Counties that file an NOI will be provided funding from the state to prepare their plans. Each county will be granted a base of $60,000, plus 50 cents per capita, up to $300,000. An additional $10,000 will be given to each county that enters a multi-county plan.

Until the EGLE director initiates the process, counties can consider their waste capacity limits, their willingness to draft their own MMP and whether they would like to partner with other counties.

In the meantime, EGLE will be hosting monthly webinars to walk counties through the process. We encourage each county to have at least one representative participate in these discussions. The meetings are typically held on the third Wednesday of each month; however, April’s meeting has been cancelled.

The next scheduled meeting will be from 1:30 p.m. to 3 p.m. on May 17. To be included in future meeting notices, please email

For more information on this issue, contact Madeline Fata at


Wayne County addresses Senate panel on juvenile facility crisis

Wayne County officials were called to testify this week before a Senate Appropriations subcommittee in the wake of news reports of major problems at the county’s juvenile center.

Every county in Michigan is suffering from a bed and/or staffing shortage within the juvenile justice system. Incidents like those in Wayne can and should be avoided with the help of the state Department of Health and Human Services. Without proper funding of our juvenile justice system, staff go underpaid and overworked, then leave. Youths go without the services they need and deserve, and risks to public safety are posed.

Court-involved youth in Michigan are currently staying in short-term detention facilities, such as Wayne’s, for months or, in some cases, even years. The staffing shortage has led to countless empty beds in residential facilities that would otherwise be in use. Northern Michigan and the Upper Peninsula do not have access to a local facility and are forced to send youths to Southern Michigan or out of state. This issue has become a crisis, and the time is now for our state to provide funding to alleviate the burden on this system.

MAC has requested that the state fund staff recruitment, retention, and training to resolve the current staffing shortage crisis, as well as funding for the creation of an additional facility to serve northern counties who do not have access.

For more information on this issue, contact Samantha Gibson at


Podcast 83 looks at juvenile justice, solid waste, revenue sharing

Major changes are looming for three significant areas of county responsibility, MAC’s Podcast 83 team said this week.

Host Stephan Currie and the MAC Governmental Affairs Team of Deena Bosworth, Madeline Fata and Samantha Gibson took in-depth looks at the following issues in Lansing:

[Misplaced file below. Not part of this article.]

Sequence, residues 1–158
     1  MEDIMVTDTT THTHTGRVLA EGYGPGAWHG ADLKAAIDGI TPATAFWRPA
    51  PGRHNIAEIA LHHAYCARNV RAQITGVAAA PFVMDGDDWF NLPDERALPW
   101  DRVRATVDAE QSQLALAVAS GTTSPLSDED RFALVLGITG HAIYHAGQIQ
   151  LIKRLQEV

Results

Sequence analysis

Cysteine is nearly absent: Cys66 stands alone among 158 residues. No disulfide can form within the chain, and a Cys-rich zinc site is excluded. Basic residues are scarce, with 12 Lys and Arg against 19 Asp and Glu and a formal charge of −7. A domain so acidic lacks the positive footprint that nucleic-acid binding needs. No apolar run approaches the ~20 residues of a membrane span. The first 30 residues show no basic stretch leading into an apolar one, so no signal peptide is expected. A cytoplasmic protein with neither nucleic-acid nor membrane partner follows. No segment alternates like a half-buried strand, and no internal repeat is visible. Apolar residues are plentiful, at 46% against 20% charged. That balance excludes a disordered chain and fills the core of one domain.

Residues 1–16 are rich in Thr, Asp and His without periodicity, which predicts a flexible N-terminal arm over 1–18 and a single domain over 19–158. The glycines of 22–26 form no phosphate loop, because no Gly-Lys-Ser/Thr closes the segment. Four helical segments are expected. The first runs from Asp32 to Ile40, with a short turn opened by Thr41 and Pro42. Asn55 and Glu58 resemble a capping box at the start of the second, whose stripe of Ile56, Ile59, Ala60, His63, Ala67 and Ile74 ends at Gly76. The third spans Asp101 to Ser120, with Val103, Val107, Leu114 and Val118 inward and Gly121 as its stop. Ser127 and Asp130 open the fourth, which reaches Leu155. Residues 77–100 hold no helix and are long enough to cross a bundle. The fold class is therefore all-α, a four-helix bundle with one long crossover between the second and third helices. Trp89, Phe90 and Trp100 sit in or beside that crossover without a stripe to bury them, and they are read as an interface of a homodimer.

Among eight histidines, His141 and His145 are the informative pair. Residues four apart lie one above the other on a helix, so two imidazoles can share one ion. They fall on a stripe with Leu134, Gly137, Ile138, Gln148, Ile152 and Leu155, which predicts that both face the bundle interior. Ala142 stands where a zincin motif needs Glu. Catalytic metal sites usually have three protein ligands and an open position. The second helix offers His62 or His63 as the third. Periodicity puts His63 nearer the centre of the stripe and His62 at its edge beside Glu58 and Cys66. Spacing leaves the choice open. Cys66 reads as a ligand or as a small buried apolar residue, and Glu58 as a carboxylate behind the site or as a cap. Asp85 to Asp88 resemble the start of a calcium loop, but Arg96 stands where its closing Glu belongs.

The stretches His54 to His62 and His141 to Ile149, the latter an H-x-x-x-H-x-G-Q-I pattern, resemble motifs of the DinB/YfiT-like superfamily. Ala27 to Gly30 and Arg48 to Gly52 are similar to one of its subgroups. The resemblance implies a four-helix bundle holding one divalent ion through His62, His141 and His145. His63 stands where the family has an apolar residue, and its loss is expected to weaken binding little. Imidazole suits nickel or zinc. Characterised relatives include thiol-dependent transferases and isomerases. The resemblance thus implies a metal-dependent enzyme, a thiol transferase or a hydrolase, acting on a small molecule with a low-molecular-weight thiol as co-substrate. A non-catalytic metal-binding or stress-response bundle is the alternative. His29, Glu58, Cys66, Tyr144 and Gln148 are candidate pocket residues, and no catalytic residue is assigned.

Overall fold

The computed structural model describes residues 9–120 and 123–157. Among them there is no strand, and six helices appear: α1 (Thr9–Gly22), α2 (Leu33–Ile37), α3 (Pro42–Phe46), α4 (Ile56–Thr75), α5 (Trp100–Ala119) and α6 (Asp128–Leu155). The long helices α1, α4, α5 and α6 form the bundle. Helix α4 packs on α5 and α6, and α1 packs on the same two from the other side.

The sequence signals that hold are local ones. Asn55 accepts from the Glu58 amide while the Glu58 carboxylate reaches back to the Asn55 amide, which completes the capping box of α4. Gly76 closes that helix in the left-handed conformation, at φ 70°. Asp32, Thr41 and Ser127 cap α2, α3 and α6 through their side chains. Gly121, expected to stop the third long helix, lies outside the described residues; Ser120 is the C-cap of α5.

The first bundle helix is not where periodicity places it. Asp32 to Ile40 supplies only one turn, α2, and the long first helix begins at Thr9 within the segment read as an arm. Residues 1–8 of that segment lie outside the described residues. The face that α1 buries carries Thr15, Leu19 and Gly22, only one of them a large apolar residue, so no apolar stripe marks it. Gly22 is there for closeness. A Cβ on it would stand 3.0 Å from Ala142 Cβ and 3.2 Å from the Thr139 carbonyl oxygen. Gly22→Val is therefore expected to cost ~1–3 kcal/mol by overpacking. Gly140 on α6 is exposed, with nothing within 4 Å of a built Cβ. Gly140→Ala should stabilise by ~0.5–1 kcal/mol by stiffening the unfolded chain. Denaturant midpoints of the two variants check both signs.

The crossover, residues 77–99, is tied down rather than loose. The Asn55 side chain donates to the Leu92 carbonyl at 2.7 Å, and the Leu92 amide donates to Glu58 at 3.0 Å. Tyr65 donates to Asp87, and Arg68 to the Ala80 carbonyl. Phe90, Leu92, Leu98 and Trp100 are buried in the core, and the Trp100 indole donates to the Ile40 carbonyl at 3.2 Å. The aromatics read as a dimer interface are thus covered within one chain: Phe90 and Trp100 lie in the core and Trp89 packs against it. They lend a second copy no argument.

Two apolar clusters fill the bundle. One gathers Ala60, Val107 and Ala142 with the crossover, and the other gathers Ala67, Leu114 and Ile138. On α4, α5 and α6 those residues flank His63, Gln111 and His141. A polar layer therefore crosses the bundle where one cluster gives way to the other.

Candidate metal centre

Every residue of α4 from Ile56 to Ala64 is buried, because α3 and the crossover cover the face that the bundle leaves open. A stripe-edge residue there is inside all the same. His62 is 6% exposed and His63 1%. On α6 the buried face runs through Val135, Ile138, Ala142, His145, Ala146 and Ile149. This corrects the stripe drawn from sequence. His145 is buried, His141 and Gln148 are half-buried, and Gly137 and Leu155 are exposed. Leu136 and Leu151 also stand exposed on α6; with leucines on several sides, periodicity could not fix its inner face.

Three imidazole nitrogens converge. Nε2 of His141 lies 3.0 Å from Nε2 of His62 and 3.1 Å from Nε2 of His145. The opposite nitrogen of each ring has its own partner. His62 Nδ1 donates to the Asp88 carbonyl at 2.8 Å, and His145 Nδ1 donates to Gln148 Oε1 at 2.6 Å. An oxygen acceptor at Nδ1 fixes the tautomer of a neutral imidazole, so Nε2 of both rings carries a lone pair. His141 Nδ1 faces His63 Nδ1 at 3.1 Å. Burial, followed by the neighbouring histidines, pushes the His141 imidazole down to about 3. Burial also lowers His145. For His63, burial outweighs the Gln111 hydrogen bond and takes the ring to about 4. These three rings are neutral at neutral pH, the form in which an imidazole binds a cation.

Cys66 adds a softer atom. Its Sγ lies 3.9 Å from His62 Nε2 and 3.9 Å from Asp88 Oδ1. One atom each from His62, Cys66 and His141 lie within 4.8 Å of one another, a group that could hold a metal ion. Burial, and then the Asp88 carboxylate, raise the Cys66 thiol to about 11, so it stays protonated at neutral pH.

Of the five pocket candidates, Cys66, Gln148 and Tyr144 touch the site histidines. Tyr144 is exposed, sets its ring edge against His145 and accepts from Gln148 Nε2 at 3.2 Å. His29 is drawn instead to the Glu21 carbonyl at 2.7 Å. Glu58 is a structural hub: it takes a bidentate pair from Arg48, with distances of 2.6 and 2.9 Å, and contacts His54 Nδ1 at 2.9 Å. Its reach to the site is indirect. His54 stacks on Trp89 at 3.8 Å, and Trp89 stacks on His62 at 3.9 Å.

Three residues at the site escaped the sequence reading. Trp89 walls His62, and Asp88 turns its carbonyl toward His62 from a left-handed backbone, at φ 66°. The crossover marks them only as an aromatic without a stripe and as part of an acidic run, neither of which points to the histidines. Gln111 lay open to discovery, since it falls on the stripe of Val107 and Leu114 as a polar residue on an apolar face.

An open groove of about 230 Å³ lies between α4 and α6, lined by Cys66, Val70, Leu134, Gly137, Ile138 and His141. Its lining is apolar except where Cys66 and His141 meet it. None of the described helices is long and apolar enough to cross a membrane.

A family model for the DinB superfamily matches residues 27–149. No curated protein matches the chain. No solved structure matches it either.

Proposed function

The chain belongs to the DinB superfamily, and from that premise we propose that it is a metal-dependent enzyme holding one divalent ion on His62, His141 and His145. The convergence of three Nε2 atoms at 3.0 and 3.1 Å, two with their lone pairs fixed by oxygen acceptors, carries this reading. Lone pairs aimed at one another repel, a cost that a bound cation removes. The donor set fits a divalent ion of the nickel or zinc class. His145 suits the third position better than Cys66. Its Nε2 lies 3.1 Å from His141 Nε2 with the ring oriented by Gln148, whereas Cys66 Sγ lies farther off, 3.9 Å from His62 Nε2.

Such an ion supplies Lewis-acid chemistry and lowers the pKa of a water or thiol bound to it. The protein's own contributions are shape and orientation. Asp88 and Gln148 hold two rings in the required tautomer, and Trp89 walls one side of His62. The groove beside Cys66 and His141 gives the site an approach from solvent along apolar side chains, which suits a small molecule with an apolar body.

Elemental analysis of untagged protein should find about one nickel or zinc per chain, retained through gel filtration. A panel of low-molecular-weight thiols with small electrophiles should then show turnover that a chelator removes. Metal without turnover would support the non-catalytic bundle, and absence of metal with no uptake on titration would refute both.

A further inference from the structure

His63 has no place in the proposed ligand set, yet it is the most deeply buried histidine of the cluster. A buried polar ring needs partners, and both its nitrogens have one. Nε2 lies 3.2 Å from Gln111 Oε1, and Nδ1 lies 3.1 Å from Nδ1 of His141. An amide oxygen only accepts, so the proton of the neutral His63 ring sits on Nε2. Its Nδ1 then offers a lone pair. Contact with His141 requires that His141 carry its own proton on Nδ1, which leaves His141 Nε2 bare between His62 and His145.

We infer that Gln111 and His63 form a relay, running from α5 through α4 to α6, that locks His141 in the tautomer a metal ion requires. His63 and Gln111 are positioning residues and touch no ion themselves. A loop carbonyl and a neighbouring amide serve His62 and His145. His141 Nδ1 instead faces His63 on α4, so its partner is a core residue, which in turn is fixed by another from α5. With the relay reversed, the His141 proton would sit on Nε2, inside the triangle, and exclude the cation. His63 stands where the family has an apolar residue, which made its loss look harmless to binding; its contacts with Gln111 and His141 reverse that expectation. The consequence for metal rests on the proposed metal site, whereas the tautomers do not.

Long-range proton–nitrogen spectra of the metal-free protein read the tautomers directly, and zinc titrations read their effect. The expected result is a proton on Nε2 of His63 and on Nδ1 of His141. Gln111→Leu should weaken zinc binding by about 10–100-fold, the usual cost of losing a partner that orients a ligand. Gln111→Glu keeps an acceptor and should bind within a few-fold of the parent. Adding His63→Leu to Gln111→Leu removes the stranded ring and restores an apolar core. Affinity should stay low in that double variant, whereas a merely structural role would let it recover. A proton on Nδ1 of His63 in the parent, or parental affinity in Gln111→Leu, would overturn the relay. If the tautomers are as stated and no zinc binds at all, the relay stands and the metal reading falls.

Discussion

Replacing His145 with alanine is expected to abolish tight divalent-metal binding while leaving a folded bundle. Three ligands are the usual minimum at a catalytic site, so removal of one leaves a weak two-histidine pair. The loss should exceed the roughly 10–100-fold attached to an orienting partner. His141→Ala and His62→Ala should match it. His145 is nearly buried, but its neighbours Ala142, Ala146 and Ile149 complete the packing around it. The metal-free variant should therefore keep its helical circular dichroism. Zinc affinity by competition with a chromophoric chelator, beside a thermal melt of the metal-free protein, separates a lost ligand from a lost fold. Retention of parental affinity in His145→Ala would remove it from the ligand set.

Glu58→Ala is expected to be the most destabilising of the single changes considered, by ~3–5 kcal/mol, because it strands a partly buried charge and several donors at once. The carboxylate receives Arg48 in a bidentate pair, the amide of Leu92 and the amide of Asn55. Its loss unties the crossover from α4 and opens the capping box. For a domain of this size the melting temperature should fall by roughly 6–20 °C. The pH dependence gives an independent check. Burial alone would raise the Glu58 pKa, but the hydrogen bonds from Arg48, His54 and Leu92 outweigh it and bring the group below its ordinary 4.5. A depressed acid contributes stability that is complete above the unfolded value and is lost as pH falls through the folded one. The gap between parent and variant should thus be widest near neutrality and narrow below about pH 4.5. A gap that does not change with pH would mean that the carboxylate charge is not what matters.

• Juvenile justice reform legislation, with Gibson saying a large packet of bills would constitute “a whole juvenile system overhaul”
  • Revenue sharing reform, with Bosworth detailing her recent testimony to multiple legislative panels on MAC’s plan to create a protected fund for revenue sharing payments and create parity between counties and other local governments on such appropriations
  • Materials management, with Fata reporting that the clock is ticking for counties to make a big decision on whether, under state law passed last year, they will write new solid waste plans or let the state Department of Environment, Great Lakes and Energy do so (Correction: Some of the timing mentioned in this week’s podcast on this issue is incorrect; please refer to the written item in this Legislative Update for proper details.)

See the full video, recorded on March 20, by clicking here.

Previous episodes can be seen at MAC’s YouTube Channel.

And you always can find details about Podcast 83 on the MAC website.


Opioid Advisory Commission releases annual report

The Michigan Opioid Advisory Commission released its 2023 Annual Report: A Planning Guide for State Policy Makers on Thursday (March 23). The report provides a comprehensive overview of the background of the opioid epidemic in Michigan and the national landscape in which the opioid settlements are taking place. The report details the state of Michigan’s intended uses of current settlement funds and outlines approved uses of funds as provided in Exhibit E.

The report looks specifically at the Principles for the Use of Funds From the Opioid Litigation and provides a scorecard for Michigan’s adoption of these principles, identifying strategies and gaps. The final section of the report outlines the commission’s findings and recommendations, as well as the Opioid Advisory Commissions strategic plan and planning considerations.

As a reminder, local governments have been given an opportunity to participate in national Opioid Settlements with Teva, Allergan, CVS and Walmart. To participate in these settlements, counties must complete a participation form and return the form by April 18. We encourage all counties to participate in these additional settlements.

For more information on this issue, contact Amy Dolinky at


MAC makes case on revenue sharing to Senate funding panel

Properly investing in local government services is a key economic development strategy, MAC told a Senate Appropriations subcommittee this week.